A queen of a divided land must unite her people, even if they hate her, even if it means stopping a ruin that she helped create. A debut epic fantasy from an exciting new voice.
“I murdered a man and made my husband leave the night before they crowned me.”
Born under the crumbling towers of Oren-yaro, Queen Talyien was the shining jewel and legacy of the bloody War of the Wolves that nearly tore her nation apart. Her upcoming marriage to the son of her father’s rival heralds peaceful days to come.
But his sudden departure before their reign begins fractures the kingdom beyond repair.
Years later, Talyien receives a message, urging her to attend a meeting across the sea. It’s meant to be an effort at reconciliation, but an assassination attempt leaves the queen stranded and desperate to survive in a dangerous land. With no idea who she can trust, she’s on her own as she struggles to fight her way home.
I went into this book not quite knowing what to expect; a series called The Chronicles of the Bitch Queen does set up certain expectations, especially about the personality of the main character. I expected the book to be about a ruthless, snarky, and mean ruler, and Talyien certainly can be. Instead what I realised quite quickly is that K.S. Villoso has written a nuanced book about a woman doing her best to keep a Kingdom together and to heal old wounds by getting answers, while the peace she has worked to build becomes tenuous and fragile.
The book is rife with wonderful and engaging characters. Talyien is such an interesting main character to follow. She is a woman in an extremely difficult situation, and though the situation changes throughout the book it only becomes more and more difficult. This book is about her navigating and getting through each and every one of them, and even though mistakes are made, it is fascinating to follow her. Khine, the con-artist we meet when Talyien desperately needs a friend, is a character I struggled to warm to at the beginning, but who had stolen my heart by the end of it. Rayyel, the man she thought she would marry and rule with, is a complex and conniving character, and his relationship with Talyien is fascinating. I can’t wait to see how it develops in the next two books in the series.
Another thing I loved about this book is the world. It is so complex; the political dynamics in Talyien’s Kingdom is fascinating, with warring factions, a bloody history, and an attempt at peace that might not succeed. The political machinations really developed the world, and made the stakes of Talyien’s determination to talk to Rayyel so layered and complicated. Then there’s the Empire, where Talyien spends the majority of this book, and I love how Villoso managed created two places that are so distinct and identifiably different from one another, from the system of government to the treatment of magic in each realm.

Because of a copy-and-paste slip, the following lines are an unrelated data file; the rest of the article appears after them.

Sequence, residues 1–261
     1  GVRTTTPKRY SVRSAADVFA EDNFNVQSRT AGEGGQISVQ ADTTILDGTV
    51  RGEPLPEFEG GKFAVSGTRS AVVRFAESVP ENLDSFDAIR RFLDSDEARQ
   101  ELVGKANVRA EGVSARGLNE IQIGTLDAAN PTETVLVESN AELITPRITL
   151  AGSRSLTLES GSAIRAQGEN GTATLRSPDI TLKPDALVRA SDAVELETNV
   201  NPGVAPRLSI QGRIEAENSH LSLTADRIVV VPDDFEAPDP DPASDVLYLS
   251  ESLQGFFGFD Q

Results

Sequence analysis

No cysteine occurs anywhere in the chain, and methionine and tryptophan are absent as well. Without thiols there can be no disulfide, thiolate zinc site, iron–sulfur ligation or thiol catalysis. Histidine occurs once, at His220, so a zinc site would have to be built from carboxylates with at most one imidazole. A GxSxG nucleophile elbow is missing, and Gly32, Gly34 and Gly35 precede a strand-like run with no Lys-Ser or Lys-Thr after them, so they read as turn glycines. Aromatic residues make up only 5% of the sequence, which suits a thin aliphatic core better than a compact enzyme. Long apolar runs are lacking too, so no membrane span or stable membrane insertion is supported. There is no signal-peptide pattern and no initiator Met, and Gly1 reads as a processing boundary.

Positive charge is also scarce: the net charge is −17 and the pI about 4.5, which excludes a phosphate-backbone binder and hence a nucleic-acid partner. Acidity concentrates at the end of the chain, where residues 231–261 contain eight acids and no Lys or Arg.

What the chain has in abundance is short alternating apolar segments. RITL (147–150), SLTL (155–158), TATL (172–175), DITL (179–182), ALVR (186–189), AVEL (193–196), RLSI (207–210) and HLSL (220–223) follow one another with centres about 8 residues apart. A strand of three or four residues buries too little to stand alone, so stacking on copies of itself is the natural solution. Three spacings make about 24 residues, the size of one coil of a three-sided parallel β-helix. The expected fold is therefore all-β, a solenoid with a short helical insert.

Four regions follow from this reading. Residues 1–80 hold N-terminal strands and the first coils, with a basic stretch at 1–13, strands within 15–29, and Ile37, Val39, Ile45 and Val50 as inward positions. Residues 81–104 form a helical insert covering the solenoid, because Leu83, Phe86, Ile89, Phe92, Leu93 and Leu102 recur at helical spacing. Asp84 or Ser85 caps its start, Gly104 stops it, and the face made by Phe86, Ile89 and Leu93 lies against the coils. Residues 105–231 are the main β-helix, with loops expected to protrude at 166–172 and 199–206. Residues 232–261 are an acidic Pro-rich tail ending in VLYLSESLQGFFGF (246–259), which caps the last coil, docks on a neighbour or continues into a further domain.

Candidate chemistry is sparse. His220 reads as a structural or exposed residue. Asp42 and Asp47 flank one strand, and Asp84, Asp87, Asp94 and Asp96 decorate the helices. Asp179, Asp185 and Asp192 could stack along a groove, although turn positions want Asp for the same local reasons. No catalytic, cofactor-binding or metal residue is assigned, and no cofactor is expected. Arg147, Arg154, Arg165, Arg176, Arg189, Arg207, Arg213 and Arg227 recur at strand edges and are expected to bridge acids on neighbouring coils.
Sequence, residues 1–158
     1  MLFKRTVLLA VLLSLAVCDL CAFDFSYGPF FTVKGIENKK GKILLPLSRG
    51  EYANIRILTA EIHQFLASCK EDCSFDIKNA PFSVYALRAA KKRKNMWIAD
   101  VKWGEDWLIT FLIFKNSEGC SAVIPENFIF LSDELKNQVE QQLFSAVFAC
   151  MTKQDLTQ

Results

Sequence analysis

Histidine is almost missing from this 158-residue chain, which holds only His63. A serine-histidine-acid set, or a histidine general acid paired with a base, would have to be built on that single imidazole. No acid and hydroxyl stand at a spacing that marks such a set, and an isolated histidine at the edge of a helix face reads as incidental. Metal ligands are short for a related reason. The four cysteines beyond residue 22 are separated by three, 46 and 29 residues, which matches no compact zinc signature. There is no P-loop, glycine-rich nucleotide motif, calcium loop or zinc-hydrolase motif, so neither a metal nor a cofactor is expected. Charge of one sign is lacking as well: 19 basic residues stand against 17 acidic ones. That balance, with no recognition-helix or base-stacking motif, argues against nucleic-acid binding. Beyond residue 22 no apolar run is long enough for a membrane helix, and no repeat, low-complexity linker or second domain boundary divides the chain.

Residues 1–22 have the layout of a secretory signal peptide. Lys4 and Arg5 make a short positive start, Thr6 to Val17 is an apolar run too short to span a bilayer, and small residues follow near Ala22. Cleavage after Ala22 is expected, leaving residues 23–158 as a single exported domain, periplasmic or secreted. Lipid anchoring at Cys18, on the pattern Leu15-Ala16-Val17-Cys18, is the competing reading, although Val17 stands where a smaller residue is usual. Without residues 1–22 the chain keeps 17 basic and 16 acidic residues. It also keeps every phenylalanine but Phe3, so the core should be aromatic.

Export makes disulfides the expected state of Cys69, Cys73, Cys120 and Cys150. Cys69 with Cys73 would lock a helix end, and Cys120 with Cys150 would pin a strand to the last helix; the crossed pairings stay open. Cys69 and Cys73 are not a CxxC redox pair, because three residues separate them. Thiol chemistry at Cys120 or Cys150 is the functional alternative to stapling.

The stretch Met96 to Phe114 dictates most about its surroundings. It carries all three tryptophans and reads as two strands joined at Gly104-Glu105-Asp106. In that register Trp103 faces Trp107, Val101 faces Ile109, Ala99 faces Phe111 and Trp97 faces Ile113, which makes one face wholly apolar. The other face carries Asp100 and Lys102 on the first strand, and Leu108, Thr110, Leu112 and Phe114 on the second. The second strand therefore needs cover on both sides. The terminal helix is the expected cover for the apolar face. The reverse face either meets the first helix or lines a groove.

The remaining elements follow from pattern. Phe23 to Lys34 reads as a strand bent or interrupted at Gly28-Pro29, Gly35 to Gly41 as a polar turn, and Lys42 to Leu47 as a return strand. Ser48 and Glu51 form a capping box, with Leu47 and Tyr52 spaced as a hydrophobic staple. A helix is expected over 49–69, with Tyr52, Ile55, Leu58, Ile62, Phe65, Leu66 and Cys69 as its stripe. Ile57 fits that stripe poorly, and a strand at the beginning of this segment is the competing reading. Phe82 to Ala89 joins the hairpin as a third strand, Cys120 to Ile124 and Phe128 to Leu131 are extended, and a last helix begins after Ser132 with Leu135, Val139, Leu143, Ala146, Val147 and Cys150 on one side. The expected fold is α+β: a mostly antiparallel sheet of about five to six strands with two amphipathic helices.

All the aspects I’ve already mentioned just served to heighten my enjoyment of the plot. The way that the world-building, the complications of being in a foriegn land in particular, were so deeply felt because of Villoso’s strength as a character-driven author. The plot starts out straightforward — a woman scorned gets the chance to get answers — but it quickly becomes so much more. All aspects of Talyien’s character (Queen, leader, wife, mother) come into play with every decision made. I was amazed by how well Villoso wrote a character-driven story that still felt like a page-turner. Taylien’s decisions are pivotal to the plot, as are the decisions of any other character, and Talyien’s character is so well-written that all those decisions made sense.
For all of those reasons and more, this book is a magnificent example of character-driven fantasy done well. The ball starts rolling precisely because Talyien is stubborn and hurt, and can’t resist the potential to confront the man she thought she would marry. When shit hits the fan (which it does, quite spectacularly), and whenever she gets into trouble, she works a way through it using her wits, her abilities, and her stubbornness, sometimes for the better but also for the worse.
Talyien is called a bitch, but is very much warm and caring with a heart that has been damaged by losses throughout her life. These have hardened her, but the core is still there and I can’t wait to read how Talyien navigates the chaos coming her way, and whether she keeps that caring core or whether she has to shed it.
This has been an excellent series so far. Must get around to book three soon.